Other professionals who are part of the MPA ESP faculty include Gail Suchman, an environmental lawyer and a national expert in environmental justice and Paula Wilson, an acknowledged expert health care financing and financial management, who has deep experience as a public and non profit chief financial officer (CFO).  Professor Sara Tjossem teaches Earth Systems and Environmental Policy in the summer semester of the MPA program, Political Context of Public and Private Management in the fall, and teaches a workshop group during the spring Workshop in Applied Earth Systems Policy Analysis.  According to Professor Tjossem, her “current research explores the development of The Nature Conservancy as the premier land conservation organization in the US and its efforts to create a robust institution to conserve and preserve nature.  Its struggles illuminate the interplay of the development of ecology as a science in its own right with its application to the changing Professor Tanya Heikkila is an expert n water policy and in public management. In early 2008, The Earth Institute announced a $6 million grant from the PepsiCo Foundation. This sizeable donation establishes a new interdisciplinary research center at the Earth Institute called the Columbia Water Center where Dr. Heikkila serves as its Associate Director and  Senior Social Scientist.

Dr. Heikkila brings a strong background in water resource management, water policy, and decision-making analysis to CWC.  Dr. Heikkila has published several papers in recent years on water management and operational decision-making. She co-authored the book Common Waters, Diverging Streams: Linking Institutions and Water Management in Arizona, California, and Colorado (Resources for the Future Press, 2004). Her experience studying regional water systems, policy analysis, and stakeholder dialogue in these areas will serve the Earth Institute’s newest research center, the CWC, superbly. Professor Heikkila recently finished collecting data on a 3-year study funded by the National Science Foundation on the governance and boundary-related conflicts within interstate river basins in the western United States.  The project aimed to develop a better understanding of how linkages across different scales of governance (local, state, and regional) relate to conflicts that can develop over shared resources and to their resolutions. 

In addition to his role as the Director of the MPA ESP program, Professor Steven Cohen is also the Executive Director of Columbia’s world renknwn Earth Institute.   His forthcoming book, co-authored with William Eimicke, The Responsible Contract Manager: (Georgetown University Press, November, 2008) provides a straightforward and practical introduction to the best practices of contract management and also incorporates a discussion of issues of public ethics, governance and representation theory. The book is an indispensable guide for all public management scholars and is especially useful for students in MPA ESP and other MPA graduate programs and related fields.  The piece highlights the business sense and economic insentive behind environmental protection as well as the evolution of environmentalism.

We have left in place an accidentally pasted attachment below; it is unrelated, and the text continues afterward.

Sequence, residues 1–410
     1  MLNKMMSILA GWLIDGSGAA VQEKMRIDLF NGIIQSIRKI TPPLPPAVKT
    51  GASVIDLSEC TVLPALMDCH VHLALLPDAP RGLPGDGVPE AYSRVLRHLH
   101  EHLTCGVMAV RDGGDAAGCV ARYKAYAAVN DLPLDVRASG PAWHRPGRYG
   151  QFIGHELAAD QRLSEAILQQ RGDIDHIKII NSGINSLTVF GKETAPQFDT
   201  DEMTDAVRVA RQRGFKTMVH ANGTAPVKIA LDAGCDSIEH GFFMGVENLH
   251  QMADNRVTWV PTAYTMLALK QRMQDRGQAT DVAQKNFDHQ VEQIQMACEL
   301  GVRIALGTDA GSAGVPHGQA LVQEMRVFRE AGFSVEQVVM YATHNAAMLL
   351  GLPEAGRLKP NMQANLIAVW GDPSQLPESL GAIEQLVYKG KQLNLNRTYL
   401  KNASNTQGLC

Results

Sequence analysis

Another new book by Professors Cohen, William Eimicke, and Tanya Heikkila, The Effective Public Manager (Jossey-Bass Publishers, September, 2008), is an update of what has become a fundamental resource for public administrators and students.  This fourth edition synthesizes and comprehensively outlines the current mentality in the field and presents practical lessons and tools.  The text is focused on aiding real-world managers and potential managers in more easily and directly meeting the demands of their jobs rather than working around governmental obstacles and constraints.

In early February, 2008, The New York Observer, in collaboration with Columbia University, launched a new Green section called ‘The Green Channel.’  Professor Cohen has a blog on the Green Channel and comments on critical issues of environment and sustainable development—with a focus on New York City.

For a complete listing of the faculty and their current projects and academic interests, please see: